Sam’s Club said Thursday it’s shutting down more than 50 locations, and some employees and customers say it did so without warning.
Walmart, which owns Sam’s Club, did not respond to numerous phone calls and email requests for comment. Using its official Twitter account, Sam’s Club confirmed 53 locations will be shuttered, and 10 will be converted into fulfillment centers.
Workers and customers learned about the store closures on the same day Walmart drew praise from the White House for raising pay and giving out worker bonuses because of the new lower corporate tax rate.
Customers took to social media with questions about why their local Sam’s Club stores were shuttered. Some demanded refunds for their Sam’s Club memberships, which cost between $45 and $100. Sam’s Club replied to some questions with a brief statement.
“After a thorough review of our existing portfolio, we’ve decided to close a series of clubs and better align our locations with our strategy,” Sam’s Club wrote in one reply. “Closing clubs is never easy and we’re committed to working with impacted members and associates through this transition.”
The company also said via Twitter that pharmacies at Sam’s Club locations will remain open for “at least two weeks” while the company works to transfer subscriptions and contact customers.
Employers must give workers 60 days notice before closing a plant or issuing mass layoffs, according to the Worker Adjustment and Retraining Notification Act.
Sam’s Club posted one such alert, referred to as a WARN notice, to the Indiana state government’s website. That notice says three locations in the state were slated to be closed on January 26. The move will impact 419 employees.
Several other states where CNNMoney has confirmed stores will be closing did not have such notices posted as of Thursday afternoon.
It’s not clear how many stores have already closed. Local news outlets across the country — including from Houston, Syracuse, Baton Rouge and Dallas — reported closures happened without notice. Some reported that bewildered employees showed up to work to find out they no longer had a job.
Alex Corona — who has worked in the tire department at a Sam’s Club in Wheeling, Illinois for six years — told CNNMoney he walked into work Thursday to find the door guarded by two security guards with a sign saying the store was closed.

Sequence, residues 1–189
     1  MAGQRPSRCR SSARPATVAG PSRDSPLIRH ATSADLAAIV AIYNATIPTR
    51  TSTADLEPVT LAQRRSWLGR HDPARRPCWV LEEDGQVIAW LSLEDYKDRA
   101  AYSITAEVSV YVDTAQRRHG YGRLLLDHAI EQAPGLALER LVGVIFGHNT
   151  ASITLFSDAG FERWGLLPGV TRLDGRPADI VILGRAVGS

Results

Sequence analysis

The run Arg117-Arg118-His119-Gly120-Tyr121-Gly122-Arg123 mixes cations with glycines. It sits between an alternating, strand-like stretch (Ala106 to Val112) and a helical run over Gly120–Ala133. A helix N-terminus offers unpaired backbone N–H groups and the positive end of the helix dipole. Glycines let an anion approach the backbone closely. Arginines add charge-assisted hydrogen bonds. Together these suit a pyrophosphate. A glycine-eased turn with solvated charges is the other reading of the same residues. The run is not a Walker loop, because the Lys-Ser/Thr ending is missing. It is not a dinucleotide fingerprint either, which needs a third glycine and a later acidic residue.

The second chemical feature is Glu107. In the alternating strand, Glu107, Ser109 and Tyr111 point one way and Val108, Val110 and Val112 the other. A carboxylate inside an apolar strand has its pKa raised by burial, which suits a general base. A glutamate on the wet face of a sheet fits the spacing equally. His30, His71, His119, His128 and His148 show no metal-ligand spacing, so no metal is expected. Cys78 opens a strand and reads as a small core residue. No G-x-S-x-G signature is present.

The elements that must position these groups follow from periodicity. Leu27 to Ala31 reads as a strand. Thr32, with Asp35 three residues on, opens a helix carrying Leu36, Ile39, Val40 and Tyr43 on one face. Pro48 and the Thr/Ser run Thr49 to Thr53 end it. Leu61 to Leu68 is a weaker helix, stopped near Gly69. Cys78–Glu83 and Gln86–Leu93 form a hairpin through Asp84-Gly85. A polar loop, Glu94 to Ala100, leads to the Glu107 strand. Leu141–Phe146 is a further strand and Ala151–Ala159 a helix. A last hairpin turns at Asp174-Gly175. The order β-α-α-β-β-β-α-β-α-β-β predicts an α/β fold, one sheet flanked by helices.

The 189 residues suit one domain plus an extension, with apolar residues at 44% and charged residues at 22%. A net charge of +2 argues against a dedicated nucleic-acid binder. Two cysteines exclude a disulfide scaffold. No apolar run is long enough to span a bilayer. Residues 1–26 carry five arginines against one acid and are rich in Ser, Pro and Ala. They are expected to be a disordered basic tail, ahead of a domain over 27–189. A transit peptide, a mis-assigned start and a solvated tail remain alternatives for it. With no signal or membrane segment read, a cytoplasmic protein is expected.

Eventually, a manager vouched that he was an associate and he was allowed inside, Corona said. He and his coworkers were told by a representative from Sam’s Club’s corporate office that their store was closing. Employees were offered severance based on how long they had been employed at the store, or the opportunity to transfer to a nearby location.
For his part, Corona, who made $12 per hour at Sam’s Club, said he’s not looking to transfer.
“I don’t want to deal with Sam’s Club,” he said. “What they’re doing is absolutely wrong.”
Corona will still be working at the store until it closes on Jan. 26, a requirement to receive his severance.
Thirty-nine stores called by CNNMoney had recorded messages saying the store was closed Thursday but would reopen Friday. It’s unclear whether or not these stores will remain open.
Nine stores said they were closed effective Thursday, and two more said they would close January 26.
Later — when asked about Walmart’s double-barreled decision to raise wages but close Sam’s Club stores — White House press secretary Sarah Sanders praised the company.
“They raised minimum wage,” Sanders told reporters at a press briefing. “They are increasing salaries to over a million American workers. We think that’s a positive.”
In a speech, Treasury Secretary Stephen Mnuchin also thanked Walmart for hiking wages and pointed to the move as evidence that the new Republican tax law is good for American workers. The law, which passed before the New Year, offers companies a drastic tax cut by bringing the corporate rate down to 21% from 35%.
Several companies besides Walmart have announced wage hikes or one-time bonuses for workers, citing the tax cut as the incentive.
When asked about the workers who will lose their jobs as a result of the Sam’s Club closures, however, Mnuchin responded: “Different companies will do different things. Some companies will invest capital, some companies will return money to workers. Lots of things are going on in the economy, and we appreciate what Walmart is doing.
–CNNMoney’s Chris Isidore, Kathryn Vasel and David Goldman contributed to this report.